An exception thrown from a handler for a try block won't be caught by any other handler for the same try block; the "nearest" handler for the rethrown exception will be one from the outer try block. The relevent section of the C++03 standard is 15.1/2:

When an exception is thrown, control is transferred to the nearest handler with a matching type (15.3); “nearest” means the handler for which the compound-statement, ctor-initializer, or function-body following the try keyword was most recently entered by the thread of control and not yet exited.

Note the bit I emphasised at the end: the inner try block was exited when the first exception was thrown.

So no exception in your code is handled by the inner catch(B) block.

Also, you are catching by value, so the change you make in the catch(A) block does not affect the object that gets rethrown. throw; rethrows the same object that was thrown in the first place, not any copy that might have been made. The relevent section of the standard is 15.1/8:

The exception is reactivated with the existing temporary; no new temporary exception object is created.

So the output of "5" is correct: the inner catch(A) block modifies a copy, then rethrows the original (still with value 5) to the outer catch(A) block; if you change the catch blocks to take references, then the output will be "10".

[+4] [2011-11-02 14:26:56] Michael Krelin - hacker

Just decided to copy from my comment above:

I don't remember how it all works, but my guess is that it'll print 5, because it's caught by catch(A), but not by reference, so it will rethrow original exception, anyway, which will be caught by other catch(A).

(the relevant part of the document is probably page 302, 15.3-9 or something in vicinity).

[+4] [2011-11-02 14:39:40] James Kanze

This is a good example of why you shouldn't catch by value. (It's also a good example of why you shouldn't test for such language nits. Especially if you don't know the language that well yourself.) The compilers are correct. According to §15.3/3, the inner try will be caught by the first catch, which makes a copy of the thrown exception. (catch arguments are treated almost exactly like function arguments.) The throw in the catch block rethrows the currently handled exception (§5.1/8), not the copy passed to the catch block, so the changes to a in the catch block are ignored.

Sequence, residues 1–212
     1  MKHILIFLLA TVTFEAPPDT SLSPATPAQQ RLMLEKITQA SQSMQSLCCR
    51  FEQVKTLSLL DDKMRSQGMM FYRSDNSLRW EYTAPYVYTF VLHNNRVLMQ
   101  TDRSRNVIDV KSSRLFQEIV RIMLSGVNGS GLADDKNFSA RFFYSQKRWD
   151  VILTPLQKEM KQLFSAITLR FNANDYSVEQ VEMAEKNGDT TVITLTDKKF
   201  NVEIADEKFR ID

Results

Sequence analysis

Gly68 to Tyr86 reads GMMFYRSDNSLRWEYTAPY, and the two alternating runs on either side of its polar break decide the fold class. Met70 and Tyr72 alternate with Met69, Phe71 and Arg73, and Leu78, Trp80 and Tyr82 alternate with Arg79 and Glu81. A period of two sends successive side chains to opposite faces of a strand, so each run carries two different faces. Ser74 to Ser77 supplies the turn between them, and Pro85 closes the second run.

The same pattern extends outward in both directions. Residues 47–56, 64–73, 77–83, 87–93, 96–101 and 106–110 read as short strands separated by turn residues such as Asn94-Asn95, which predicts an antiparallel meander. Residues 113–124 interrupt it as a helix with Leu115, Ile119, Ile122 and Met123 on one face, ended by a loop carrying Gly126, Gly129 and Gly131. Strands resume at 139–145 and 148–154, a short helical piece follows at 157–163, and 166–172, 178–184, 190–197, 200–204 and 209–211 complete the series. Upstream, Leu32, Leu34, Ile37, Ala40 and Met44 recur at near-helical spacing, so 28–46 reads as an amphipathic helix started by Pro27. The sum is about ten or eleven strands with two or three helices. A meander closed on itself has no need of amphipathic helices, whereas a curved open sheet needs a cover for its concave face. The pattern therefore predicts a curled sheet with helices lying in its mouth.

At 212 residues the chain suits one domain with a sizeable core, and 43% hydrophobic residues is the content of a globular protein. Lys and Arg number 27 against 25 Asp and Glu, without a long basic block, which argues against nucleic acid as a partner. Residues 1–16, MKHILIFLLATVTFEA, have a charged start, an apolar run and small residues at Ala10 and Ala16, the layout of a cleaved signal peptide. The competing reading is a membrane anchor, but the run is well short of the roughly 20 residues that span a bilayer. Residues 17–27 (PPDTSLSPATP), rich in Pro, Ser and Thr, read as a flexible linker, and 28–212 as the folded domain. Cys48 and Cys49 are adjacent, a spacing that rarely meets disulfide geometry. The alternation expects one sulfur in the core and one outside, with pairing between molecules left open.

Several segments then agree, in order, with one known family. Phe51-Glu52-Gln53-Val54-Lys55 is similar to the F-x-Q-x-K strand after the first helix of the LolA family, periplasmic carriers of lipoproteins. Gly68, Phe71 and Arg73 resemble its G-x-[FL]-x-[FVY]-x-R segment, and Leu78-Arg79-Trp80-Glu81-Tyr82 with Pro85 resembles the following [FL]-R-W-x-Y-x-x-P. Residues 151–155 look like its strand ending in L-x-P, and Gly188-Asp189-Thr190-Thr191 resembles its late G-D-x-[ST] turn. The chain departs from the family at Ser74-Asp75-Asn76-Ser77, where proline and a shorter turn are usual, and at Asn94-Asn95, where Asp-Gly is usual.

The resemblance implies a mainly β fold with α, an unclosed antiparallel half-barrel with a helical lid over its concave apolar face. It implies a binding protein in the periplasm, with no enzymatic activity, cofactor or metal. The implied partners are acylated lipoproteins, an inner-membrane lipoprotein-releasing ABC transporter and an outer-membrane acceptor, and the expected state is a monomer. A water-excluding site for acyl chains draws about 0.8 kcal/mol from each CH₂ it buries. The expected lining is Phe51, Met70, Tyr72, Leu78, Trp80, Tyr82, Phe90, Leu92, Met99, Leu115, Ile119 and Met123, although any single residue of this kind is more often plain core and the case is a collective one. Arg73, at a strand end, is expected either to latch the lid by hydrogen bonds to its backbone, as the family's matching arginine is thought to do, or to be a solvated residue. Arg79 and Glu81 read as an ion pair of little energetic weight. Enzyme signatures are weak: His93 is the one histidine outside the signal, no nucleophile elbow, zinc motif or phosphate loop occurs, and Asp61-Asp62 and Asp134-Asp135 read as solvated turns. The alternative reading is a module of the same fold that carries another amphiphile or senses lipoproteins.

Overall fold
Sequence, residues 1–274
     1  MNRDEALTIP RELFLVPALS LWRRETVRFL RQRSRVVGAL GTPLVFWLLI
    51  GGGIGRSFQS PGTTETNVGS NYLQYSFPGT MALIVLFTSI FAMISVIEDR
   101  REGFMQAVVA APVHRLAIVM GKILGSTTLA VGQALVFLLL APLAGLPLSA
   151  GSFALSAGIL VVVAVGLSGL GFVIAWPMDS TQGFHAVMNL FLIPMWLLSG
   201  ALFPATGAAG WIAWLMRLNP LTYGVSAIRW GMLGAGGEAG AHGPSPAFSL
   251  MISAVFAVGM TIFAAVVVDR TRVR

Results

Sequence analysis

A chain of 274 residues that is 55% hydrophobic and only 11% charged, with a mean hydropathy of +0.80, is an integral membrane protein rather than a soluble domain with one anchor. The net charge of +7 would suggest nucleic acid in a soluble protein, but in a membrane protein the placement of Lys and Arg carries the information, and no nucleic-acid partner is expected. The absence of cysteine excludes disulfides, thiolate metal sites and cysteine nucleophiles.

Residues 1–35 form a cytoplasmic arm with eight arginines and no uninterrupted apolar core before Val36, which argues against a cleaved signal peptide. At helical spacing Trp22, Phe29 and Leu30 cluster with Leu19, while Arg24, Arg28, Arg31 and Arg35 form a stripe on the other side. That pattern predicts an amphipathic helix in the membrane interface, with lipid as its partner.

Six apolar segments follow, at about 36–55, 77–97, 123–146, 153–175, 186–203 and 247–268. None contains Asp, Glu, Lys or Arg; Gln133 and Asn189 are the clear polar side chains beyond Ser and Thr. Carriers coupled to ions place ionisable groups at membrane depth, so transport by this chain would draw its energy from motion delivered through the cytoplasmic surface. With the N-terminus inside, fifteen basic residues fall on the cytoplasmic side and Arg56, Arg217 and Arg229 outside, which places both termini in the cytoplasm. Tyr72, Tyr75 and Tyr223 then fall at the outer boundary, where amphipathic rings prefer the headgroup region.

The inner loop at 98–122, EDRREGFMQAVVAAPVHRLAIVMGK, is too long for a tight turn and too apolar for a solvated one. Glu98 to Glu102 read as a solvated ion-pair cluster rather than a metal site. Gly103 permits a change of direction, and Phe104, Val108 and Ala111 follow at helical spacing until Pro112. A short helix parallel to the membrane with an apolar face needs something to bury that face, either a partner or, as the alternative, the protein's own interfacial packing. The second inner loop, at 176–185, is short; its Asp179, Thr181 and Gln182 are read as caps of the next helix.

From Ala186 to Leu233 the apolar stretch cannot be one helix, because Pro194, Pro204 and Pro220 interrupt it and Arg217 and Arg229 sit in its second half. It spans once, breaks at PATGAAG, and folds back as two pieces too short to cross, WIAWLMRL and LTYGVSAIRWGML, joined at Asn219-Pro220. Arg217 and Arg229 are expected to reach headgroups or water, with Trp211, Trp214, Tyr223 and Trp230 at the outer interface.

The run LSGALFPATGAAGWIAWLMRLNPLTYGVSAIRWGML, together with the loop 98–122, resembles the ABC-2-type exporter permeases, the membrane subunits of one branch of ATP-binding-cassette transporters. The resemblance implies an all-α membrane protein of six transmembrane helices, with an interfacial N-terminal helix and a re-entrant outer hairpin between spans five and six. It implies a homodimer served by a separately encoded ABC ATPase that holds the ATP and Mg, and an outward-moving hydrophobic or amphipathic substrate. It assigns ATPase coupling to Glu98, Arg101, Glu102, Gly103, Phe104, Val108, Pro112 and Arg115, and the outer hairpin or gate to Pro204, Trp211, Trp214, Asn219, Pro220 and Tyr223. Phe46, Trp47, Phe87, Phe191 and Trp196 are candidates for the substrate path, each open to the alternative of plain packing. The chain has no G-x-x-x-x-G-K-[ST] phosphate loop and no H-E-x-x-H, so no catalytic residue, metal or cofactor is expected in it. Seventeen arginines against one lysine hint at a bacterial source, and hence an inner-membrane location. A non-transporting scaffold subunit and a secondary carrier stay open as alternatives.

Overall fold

And when the compiler looks for a handler, it looks for “the handler for which the compound-statement or _ctor-initializer following the try keyword was most recently entered and not yet exited”(§15.1/2); you've exited the compound-statement following the innermost try via an exception, so the research will start at the outer try. (If it didn't, it would find the catch block you're currently in, and throw without arguments would result in an endless loop.)

(My citations of the standard are from N3291—a very recent draft. But I'm pretty sure that this hasn't changed from the official 2003 standard.)

[+3] [2011-11-02 14:27:02] Joe

You need to catch by reference to modify the values otherwise the result will always be the value of the original object thrown. Once caught by reference the A catch will catch the exception since it is the first match due to inheritance and your result should be 10.

    catch(A& a) {
        a.m_value *= 2;
    catch(B& b) {
        b.m_value -= 2;
        throw b;

C++ catch blocks - catch exception by value or reference? [1]


[+3] [2011-11-02 14:27:48] Jerry Coffin

Since the exception handlers catch the objects by value, not reference, what's seen inside the handler is a copy of the exception object, not the exception object itself. Just like in any other function, modifying that copy has no effect on the original object.

[+2] [2011-11-02 14:37:07] Basile Starynkevitch

For what is is worth, GCC version 4.6 gives the following warning:

% g++-4.6 -O -g -Wall -o testit In function 'int main()': warning: exception of type 'B' will be caught [enabled by default] warning:    by earlier handler for 'A' [enabled by default]

and running ./testitgives 5.

And so does Comeau: "ComeauTest.c", line 22: warning: handler is potentially masked by previous handler for type "A" catch(B b) { - MadKeithV
[+1] [2011-11-02 14:25:23] tenfour

catch(B b) { ...

This means the catch block will get its own local copy of b. Catch by reference (which is always recommended), and you will experience different behavior.